Senators urge U.S. Justice Department to probe TikTok, Zoom

WASHINGTON (Reuters) - Senators Richard Blumenthal, a Democrat, and Josh Hawley, a Republican, wrote to the U.S. Justice Department on Thursday to urge a probe of video technology company Zoom and Chinese-owned social media company TikTok.

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The lawmakers said Americans, many of whom are largely staying home because of the COVID-19 pandemic, were substituting Zoom calls for personal interaction and binging on TikTok videos.

“We believe that it is imperative that the Department of Justice investigate and determine whether Zoom and TikTok’s business relationships, data handling practices, and operational connections to China pose a risk to Americans,” they wrote.

The two senators said the companies sought to downplay their ties with China.

“Based on numerous reports, we are extremely concerned that Zoom and TikTok have disclosed private information about Americans to the [People’s Republic of China] and engaged in censorship on behalf of the Chinese government,” they said in the letter to Assistant Attorney General John Demers.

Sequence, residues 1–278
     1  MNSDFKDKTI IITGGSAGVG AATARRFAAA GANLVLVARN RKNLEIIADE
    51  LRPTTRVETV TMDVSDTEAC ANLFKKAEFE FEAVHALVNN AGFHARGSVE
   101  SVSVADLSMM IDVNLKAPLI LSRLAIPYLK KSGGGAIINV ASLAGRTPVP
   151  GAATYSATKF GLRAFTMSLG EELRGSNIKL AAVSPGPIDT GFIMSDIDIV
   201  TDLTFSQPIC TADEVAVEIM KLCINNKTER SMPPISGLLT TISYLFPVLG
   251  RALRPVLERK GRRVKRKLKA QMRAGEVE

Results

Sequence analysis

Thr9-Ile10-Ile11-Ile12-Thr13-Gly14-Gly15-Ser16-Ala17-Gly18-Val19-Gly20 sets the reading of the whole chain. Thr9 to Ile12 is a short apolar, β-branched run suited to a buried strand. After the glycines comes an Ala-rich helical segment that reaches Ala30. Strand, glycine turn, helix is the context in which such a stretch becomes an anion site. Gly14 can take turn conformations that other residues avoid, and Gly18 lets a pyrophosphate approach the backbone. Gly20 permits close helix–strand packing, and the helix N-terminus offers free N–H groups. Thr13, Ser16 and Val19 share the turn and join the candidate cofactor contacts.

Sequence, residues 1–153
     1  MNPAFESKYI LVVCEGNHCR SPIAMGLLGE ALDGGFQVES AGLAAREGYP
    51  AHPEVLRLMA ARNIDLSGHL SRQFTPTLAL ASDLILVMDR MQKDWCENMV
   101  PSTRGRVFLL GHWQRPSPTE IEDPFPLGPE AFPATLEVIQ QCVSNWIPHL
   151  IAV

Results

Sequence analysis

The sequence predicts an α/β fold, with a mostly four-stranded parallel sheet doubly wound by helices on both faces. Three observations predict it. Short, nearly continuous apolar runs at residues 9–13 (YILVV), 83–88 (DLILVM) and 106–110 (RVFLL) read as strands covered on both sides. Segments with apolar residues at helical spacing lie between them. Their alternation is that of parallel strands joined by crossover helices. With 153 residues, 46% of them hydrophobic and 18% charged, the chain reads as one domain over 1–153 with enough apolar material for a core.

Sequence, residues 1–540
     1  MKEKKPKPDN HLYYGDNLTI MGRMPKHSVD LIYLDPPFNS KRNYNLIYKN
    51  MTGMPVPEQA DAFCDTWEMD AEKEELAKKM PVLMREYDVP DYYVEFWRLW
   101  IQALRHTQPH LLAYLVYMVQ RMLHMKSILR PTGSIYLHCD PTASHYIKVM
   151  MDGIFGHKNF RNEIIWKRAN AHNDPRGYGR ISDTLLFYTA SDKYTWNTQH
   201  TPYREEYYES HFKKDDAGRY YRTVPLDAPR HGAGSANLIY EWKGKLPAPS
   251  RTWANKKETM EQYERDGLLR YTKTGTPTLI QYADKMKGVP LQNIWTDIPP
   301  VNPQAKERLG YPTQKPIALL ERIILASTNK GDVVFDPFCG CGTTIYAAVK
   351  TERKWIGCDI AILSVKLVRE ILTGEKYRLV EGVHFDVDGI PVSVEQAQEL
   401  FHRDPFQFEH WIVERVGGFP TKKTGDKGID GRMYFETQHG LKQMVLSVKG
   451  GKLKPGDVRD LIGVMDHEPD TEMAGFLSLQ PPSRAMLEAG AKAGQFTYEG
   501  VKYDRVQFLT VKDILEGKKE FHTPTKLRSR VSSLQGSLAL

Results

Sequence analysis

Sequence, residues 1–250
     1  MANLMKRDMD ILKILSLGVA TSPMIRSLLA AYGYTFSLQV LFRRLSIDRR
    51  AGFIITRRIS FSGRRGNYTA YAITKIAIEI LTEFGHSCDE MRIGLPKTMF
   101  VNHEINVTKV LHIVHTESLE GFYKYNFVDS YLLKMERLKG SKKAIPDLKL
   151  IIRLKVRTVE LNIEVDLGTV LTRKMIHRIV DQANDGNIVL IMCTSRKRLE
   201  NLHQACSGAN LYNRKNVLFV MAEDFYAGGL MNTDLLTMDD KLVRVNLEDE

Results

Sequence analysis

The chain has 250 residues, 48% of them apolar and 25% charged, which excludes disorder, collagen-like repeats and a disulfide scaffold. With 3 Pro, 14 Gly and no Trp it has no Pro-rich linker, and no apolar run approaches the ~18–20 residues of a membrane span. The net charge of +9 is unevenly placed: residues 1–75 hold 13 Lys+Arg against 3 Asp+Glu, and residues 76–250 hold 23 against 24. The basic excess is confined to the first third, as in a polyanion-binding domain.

The Justice Department did not immediately respond to requests for comment. Zoom said in a statement it takes “user privacy, security, and trust extremely seriously, and as always, we welcome conversations with officials about our global business practices and policies.”

Zoom shares, which traded up 1% earlier Thursday, fell by more than 5% after Reuters reported the letter but later recovered some losses. Its share price was down 1% in late trading Thursday at $249.93.

TikTok, which is owned by Beijing-based ByteDance, has said that it stores all data in the United States with backup in Singapore.

“Our content and moderation policies are led by our U.S.-based team in California and aren’t influenced by any foreign government,” the company said in an email statement. “We’ve never shared TikTok user data with the Chinese government, and would not do so if asked.”

Although a California company, Zoom has big research and development centers in China that have more than 700 employees, according to a filing it made to the U.S. government.

Reporting by Diane Bartz; additional reporting by David Shepardson and Chris Bing; Editing by Chris Reese and Aurora Ellis